There was a scene in “Interstellar” that derailed the entire movie. It was a turning point when I went from liking the movie to slowly loathing it. Anne Hathaway’s character spins an awkward yarn about how love is unquantifiable but that perhaps it’s the one variable truly powerful enough to cut through time and space. To Hathaway’s credit: She delivered it with more earnestness and gravitas than the written page deserved. The idea of introducing love into the equation felt almost laughable in a movie that seemed intent on delivering a very grounded, frills-free look at space exploration. I thought about that clunky speech a lot while watching “The Theory of Everything,” a movie that takes the assertion that love is capable of more than the mind can conceive.
You’re probably familiar with Stephen Hawking (Eddie Redmayne), even if it’s only because of the image of his bespectacled frail frame wedged into a wheelchair, and the monotone warble of the computerized program used to make his thoughts audible. He had a brilliant mind, trapped in a brittle body—one of the greatest thinkers of our time. He made discoveries that changed the way we view the universe. What we already knew about Hawking was impressive enough. The movie does what a good biopic should: It delves into those unknown corners and gives us insight into the person we don’t know. It’s also an extremely challenging look at his disintegration, as his body betrays him again and again.
We meet Hawking when he’s still in the idealistic hubris of his youth. A student at Cambridge, he wants to become a doctor and is fascinated with the world of physics. He’s looking for that one equation that will explain how our world came to be and the potential for where it could go. One night at a party, he meets that special someone and time seems to stand still. Jane (Felicity Jones) is a fetching young lady able to match wits with Hawking, and the two fall madly in love. Hawking is the perfect combination of awkward and charming, and Jane has a strength and will that he is drawn to. Their love story is quite beautiful and unconventional.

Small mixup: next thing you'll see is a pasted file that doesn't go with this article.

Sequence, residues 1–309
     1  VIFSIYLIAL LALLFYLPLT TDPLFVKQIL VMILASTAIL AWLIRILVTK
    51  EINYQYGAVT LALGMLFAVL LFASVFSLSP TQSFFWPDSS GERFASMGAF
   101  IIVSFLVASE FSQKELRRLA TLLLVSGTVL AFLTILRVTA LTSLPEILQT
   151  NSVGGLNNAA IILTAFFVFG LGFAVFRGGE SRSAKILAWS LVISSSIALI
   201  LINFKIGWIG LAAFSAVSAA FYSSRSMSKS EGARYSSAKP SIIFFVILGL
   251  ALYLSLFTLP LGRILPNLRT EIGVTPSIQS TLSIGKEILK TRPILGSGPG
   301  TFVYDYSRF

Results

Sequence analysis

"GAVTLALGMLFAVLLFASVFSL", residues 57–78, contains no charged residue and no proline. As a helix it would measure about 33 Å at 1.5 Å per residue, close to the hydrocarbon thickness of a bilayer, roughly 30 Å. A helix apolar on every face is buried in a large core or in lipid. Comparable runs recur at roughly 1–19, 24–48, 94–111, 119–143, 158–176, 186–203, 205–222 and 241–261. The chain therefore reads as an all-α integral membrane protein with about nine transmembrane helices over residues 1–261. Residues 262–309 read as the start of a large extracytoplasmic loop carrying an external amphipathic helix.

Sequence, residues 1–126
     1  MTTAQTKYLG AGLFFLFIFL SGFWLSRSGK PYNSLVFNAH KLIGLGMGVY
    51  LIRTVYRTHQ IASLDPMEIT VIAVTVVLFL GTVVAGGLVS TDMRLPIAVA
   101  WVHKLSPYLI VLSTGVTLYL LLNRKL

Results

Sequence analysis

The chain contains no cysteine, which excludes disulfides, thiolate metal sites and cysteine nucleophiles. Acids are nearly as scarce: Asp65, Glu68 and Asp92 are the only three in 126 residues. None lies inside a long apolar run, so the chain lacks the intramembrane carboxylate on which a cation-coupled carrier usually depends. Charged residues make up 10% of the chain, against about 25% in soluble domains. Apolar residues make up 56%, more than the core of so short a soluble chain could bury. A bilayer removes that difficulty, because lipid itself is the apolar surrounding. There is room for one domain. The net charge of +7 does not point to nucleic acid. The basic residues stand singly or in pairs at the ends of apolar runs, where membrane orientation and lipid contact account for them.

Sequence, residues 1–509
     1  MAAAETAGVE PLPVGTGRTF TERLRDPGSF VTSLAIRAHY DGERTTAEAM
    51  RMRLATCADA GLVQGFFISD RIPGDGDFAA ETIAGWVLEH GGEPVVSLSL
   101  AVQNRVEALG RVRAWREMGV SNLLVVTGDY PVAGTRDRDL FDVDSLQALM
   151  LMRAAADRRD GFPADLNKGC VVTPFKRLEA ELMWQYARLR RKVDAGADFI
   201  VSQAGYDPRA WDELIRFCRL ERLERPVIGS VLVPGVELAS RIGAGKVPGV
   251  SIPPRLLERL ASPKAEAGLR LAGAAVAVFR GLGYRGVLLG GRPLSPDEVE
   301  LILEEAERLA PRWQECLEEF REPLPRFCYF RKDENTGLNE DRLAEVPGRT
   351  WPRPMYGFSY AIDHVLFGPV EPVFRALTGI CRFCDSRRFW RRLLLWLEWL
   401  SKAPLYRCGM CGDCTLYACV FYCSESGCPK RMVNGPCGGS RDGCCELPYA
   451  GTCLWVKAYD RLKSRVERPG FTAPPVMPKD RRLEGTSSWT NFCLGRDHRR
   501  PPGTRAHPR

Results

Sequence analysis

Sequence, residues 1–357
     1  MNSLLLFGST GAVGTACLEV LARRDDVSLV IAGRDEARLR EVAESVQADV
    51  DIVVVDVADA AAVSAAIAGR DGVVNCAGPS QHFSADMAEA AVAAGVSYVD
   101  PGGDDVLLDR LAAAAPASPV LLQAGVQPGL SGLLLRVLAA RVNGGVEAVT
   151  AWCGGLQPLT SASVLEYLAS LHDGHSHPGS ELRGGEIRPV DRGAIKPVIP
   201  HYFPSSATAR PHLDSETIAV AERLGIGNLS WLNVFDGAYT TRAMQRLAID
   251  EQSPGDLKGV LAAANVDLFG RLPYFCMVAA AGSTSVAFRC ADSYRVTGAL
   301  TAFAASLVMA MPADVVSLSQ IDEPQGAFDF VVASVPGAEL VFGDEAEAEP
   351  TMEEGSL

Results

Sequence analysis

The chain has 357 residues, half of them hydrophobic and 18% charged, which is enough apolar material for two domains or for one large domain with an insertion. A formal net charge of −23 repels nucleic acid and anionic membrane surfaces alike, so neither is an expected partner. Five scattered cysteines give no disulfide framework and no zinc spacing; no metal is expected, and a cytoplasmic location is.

After Hawking is diagnosed with ALS, he is told he has two years to live. His mental state becomes fragile, but rather than running from adversity, Jane convinces Hawking to make the most of his time left. They marry and start a family. He begins to discover the blessings of life while struggling to control his body.
There’s so much heartbreak in “The Theory of Everything.” Redmayne’s performance is moving in a way that never feels manipulative. The transformation from dashing student to caged genius is difficult and heartfelt. It comes perfectly buoyed by Jones’ Jane, who is forced to become stronger with every subsequent setback. There are so many perfect little moments wherein your emotions stir and you can’t fight back tears from the corner of your eyes: saddened by the fact that someone had to endure this suffering and emboldened by how gracefully they were able to endure.
There are similar stories. Movies like “A Beautiful Mind” have covered this territory in a clunkier way. The beauty of “The Theory of Everything” is how consistently it’s able to effectively evoke emotions. It doesn’t just rely on Hawking’s condition to stir the viewer. Some of the most heartbreaking moments involve the simple humanity of sacrifice: the normalcy you give up to love someone who requires more care than one person can provide.
I love “The Theory of Everything,” and that is a wonderful surprise because I generally loathe biopics. They usually hit the same familiar notes. This story didn’t take me anywhere unexpected, but, damn, if it didn’t play a familiar tune in the most symphonic of ways. The cinematography, the music, the performances are all perfectly tuned and played. Much like “Birdman,” I loved the way in which the story was told. Director James Marsh (“Man on Wire”) revealed himself as a phenomenal new voice with an impressive skill set. The movie stayed with me, burrowing through my calloused outer layer. It resounded within me for a nice stretch after the credits rolled. The word “moving” is thrown around a lot, but this film shook my foundation.
I thought I wouldn’t see a performance as electrifying as Michael Keaton in “Birdman,” but just one week later Eddie Redmayne has raised the bar. He proved himself insanely captivating as Hawking, even in the later stages of the film when his performance has to be delivered in fits and ticks. Much like “The Theory of Everything” itself, Redmayne’s commitment to capturing this character is a thing of beauty.
The Theory of Everything
Starring Eddie Redmayne, Felicity Jones and Tom Prior
Directed by James Marsh